California Governor Gavin Newsom (D) declared a state of emergency for Mariposa County on Saturday, as a fast-moving brush fire near Yosemite National Park has become the state's largest this year, forcing thousands of residents to flee.
The fire, which started Friday near Midpines, has spread to at least 14,281 acres, destroyed 10 structures, and is 0% contained as of this writing. An estimated 2,000 more structures are at risk, according to CalFire.
Good morning. The fire is now at 14,281 acres with 0% containment still. Increasingly likely a monsoonal moisture plume will intrude through the Sierras next week, which could effect fire behavior, along with the threat of dry lightning. #OakFire #MariposaCounty #Midpines #FireWX pic.twitter.com/vktxfvwUVQ— Michael Steinberg (@MichaelWX18) July 24, 2022
Over 6,000 people living across a several-mile span in the sparsely populated rural area were ordered to evacuate, while more than 400 firefighters battle the blaze, using helicopters, other aircraft and bulldozers. They face hot weather, low humidity, and dry vegetation as the worst drought in decades hits the state.
#BREAKING #USA #CA— loveworld (@LoveWorld_Peopl) July 24, 2022
🔴CALIFORNIA :#VIDEO STATE OF EMERGENCY DECLARED AS THE LARGEST ACTIVE WILDFIRE "OAK FIRE" RAPIDLY SPREADS NEAR YOSEMITE NATIONAL PARK!
More than 6,000 people have been evacuated & 10 homes destroyed#BreakingNews #OakFire #Yosemite #Wildfires #Incendio pic.twitter.com/CaSuc4520L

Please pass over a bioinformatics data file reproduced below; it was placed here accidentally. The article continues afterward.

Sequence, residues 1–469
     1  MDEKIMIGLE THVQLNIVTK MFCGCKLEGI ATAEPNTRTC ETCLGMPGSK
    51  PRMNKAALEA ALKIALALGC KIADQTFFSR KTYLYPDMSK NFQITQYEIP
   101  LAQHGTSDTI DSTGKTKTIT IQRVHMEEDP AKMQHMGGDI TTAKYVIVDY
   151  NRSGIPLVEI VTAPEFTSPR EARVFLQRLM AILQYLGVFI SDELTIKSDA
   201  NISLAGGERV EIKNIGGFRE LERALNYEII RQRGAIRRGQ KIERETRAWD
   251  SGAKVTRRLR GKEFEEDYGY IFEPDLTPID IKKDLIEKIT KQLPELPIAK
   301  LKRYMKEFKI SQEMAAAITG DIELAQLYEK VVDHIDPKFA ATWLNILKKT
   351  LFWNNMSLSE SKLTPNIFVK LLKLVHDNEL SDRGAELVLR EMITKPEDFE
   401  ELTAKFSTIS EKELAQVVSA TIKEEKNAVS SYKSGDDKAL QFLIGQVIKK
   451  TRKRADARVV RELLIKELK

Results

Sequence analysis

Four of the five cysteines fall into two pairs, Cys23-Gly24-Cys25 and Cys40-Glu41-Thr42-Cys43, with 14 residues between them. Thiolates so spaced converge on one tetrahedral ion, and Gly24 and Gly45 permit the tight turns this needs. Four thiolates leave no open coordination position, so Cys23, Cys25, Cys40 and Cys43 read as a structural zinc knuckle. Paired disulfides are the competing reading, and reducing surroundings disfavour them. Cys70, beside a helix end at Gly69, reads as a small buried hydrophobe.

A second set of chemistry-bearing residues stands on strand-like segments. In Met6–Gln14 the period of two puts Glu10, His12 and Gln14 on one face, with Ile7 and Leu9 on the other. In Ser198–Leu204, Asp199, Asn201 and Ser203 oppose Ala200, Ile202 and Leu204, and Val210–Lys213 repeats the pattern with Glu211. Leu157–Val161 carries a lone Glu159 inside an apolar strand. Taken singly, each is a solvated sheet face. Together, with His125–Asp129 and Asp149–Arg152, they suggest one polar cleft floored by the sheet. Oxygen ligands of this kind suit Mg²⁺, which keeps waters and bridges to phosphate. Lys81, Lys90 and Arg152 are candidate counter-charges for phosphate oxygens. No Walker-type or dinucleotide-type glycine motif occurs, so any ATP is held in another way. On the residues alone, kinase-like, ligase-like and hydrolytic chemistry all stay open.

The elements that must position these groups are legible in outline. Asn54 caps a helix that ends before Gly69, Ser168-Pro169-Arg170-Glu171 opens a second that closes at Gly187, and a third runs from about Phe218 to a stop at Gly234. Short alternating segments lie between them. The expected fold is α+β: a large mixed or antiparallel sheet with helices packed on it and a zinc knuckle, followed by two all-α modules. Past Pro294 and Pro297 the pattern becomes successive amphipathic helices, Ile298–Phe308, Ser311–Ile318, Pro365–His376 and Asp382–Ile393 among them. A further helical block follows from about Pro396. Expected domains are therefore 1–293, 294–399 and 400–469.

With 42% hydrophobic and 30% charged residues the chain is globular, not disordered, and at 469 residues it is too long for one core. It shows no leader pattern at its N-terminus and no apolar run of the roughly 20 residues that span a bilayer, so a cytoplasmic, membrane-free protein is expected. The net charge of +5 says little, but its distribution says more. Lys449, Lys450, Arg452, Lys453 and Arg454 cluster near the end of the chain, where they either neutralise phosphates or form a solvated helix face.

"Explosive fire behavior is challenging firefighters," CalFire said in a Saturday statement, describing the Oak Fire's activity as "extreme with frequent runs, spot fires and group torching."
"The fire is moving quickly. This fire was throwing embers out in front of itself for up to 2 miles yesterday," said Daniel Patterson, a spokesman for the Sierra National Forest. "These are exceptional fire conditions."
As the LA Times notes, the fire "marked an ominous start to the state’s peak wildfire season, with more dangerous blazes expected due to a combination of drought, climate change and overgrown vegetation that has increased the likelihood of fires igniting quickly and spreading rapidly."
It came as much of the globe was in the grip of extreme heat, with record-breaking temperatures fueling fires across Europe and prompting alerts in large swaths of the United States and China.
"The troops out on the ground have got a really tough situation right now to deal with," said Kim Zagaris, former state fire and rescue chief for the California Governor’s Office of Emergency Services who now works as advisor for the Western Fire Chiefs Assn.
"Mother Nature throws a lot at us," she added. "Aviation resources and the wildland community are stretched even thinner in today’s day and age — and not just us, but all across the world."
This is the #oakfire. Burning in my community of Midpines. It’s heartbreaking. Just ran 4 miles down with a full pack from Mono Pass and trying to get home as fast as I can. So far we are not in the evacuation zone but this is our community and it’s devastating. pic.twitter.com/hLBDxGdMGE— Beth Pratt (@bethpratt) July 23, 2022
Tunnel View at 11:30am on 07/23/22. Smoke is beginning to fill the valley. Ash also began falling a few minutes ago. If you are going to be/are at the park keep an eye on air quality. #OakFire #Yosemite pic.twitter.com/vjTOmDLZnW— Josh Miller (@jmiller_hiker) July 23, 2022